By Gary Moskalyk, Special to CJ
Tanner Horgan capped off quite the adventure in the Thunder Bay area the past week and a half.
The 17-year-old Sudbury skip put up a three-spot in the ninth end against Thunder Bay’s Bryan Burgess to take the decisive lead en route to an 8-4 win at Port Arthur Curling Club Sunday, securing the third and final spot to advance to the Northern Ontario men’s championship next month.
Joining Horgan will be Thunder Bay’s Dylan Johnston and his foursome, along with Mike Assad’s Geraldton rink.
Earlier in the week, Horgan won the junior provincial crown at nearby Kakabeka Falls Curling Club. On Sunday, he won three clutch games — the first to force a three-way tiebreaker with Burgess and Sault Ste. Marie’s Chris Glibota — before knocking them out over the next two draws.
“To be honest, it was quite a long shot,” said Horgan, who started the day 3-3 needing a little luck to get a chance. “(Saturday), going into the game against Johnston we thought we had to win. We thought 3-3 would set us back. We were watching the line scores to wait and see who won. . . It is men’s. It’s really hard, especially to win two in a row like that. We pulled through. It was great.”
In the morning, Assad stole one in the eleventh end to defeat Burgess 9-8 to finish 5-1 in round robin play and advance to the eight-team provincials in North Bay. A
“We were very happy with this week, being from a small town like Geraldton. Our expectations weren’t too high, but we were pretty happy with where we finished,” said Assad. “We’ve got some time to hone our skills.”
Assad’s win sent Burgess into a three-way tie with Glibota and Horgan, all tied at 3-3. Glibota and Horgan played off at 1:00, the winner to take on Burgess in the 5:00 p.m. final.
Burgess started the day at 3-2. A win against Assad would have put his rink in the provincials at 4-2.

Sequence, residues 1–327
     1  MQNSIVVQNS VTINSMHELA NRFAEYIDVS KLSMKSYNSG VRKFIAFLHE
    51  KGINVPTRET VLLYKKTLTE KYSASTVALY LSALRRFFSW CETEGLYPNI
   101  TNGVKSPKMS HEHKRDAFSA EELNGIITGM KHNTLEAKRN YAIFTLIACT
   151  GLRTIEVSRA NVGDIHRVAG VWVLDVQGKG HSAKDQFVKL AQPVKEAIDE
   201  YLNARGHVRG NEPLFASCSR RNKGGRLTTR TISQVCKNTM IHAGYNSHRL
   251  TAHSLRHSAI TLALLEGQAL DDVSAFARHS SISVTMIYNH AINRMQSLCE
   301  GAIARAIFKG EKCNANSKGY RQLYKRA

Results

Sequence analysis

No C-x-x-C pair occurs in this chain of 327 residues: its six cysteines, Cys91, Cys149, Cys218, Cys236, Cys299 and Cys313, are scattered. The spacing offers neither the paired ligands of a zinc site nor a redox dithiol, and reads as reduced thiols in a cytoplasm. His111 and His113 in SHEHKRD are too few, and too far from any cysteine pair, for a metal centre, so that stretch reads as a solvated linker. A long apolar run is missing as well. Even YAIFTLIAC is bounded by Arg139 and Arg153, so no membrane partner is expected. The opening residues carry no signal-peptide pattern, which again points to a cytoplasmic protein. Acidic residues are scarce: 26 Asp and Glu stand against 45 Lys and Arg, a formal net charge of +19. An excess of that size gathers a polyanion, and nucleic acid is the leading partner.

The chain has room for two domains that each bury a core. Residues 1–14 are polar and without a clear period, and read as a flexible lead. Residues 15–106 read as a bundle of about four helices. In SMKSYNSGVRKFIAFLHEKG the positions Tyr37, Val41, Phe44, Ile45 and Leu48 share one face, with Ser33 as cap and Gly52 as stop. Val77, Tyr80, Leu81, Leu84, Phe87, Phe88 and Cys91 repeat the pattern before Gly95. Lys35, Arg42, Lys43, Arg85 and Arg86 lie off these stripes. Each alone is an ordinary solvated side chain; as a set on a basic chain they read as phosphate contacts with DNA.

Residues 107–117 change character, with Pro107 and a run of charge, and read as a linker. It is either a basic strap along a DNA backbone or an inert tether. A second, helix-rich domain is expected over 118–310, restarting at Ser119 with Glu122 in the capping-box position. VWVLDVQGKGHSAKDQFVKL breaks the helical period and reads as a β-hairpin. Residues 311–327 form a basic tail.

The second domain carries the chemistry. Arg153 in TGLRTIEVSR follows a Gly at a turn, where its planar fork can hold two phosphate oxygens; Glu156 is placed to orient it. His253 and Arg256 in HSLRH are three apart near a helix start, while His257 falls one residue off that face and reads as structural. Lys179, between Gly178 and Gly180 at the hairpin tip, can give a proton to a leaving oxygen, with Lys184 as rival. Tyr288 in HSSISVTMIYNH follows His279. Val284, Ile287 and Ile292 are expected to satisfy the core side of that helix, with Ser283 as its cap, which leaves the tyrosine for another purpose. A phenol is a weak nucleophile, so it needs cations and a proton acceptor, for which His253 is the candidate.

It didn’t happen.
The Assad rink counted three in the fifth end, building on a 3-1 lead to go up 6-1 at break. But the Burgess rink scored two in the 6th, three in the 8th and two in the 9th to take a 8-7 lead. With hammer rock, Assad scored one to tie it in the 10th, and then stole one in the 11th, to send the Horgan and Glibota rink into a one-game playoff, with the winner to play Burgess.
Horgan beat Glibota 6-4 to have the opportunity to play Burgess. Horgan and Burgess traded single points through eight ends. In the fifth, Burgess stole a point with his last shot with five Horgan rocks counting — a clutch shot at the time.
“We lost our legs,” said Burgess. “Just wasn’t there tonight. It was a long weekend. We haven’t played much this year. Playing seven games in three days was a lot for us.”
This event marked the first time a junior team was allowed to curl in the men’s event — an experiment likely to continue. The Horgan rink has three 17-year-olds and a 15-year-old.
“It proves that it was a good idea for a rule change,” said Horgan, the younger brother of former Ontario women’s curling champion Tracy Fleury. “If they make this rule and every junior team comes in and gets bombed and doesn’t have close games it’s like ‘what are we letting them in for?’ You get so much more experience playing these guys. It’s just a different type of game. I think it’s a great rule going forward.
“It feels great to know we can hold our own against these top teams.”
The Northern championship, the final step to the Tim Hortons Brier, begins Feb. 10 at the Granite Curling Club.
Timmins will host the Northern Ontario women’s curling championship, Jan. 20-24.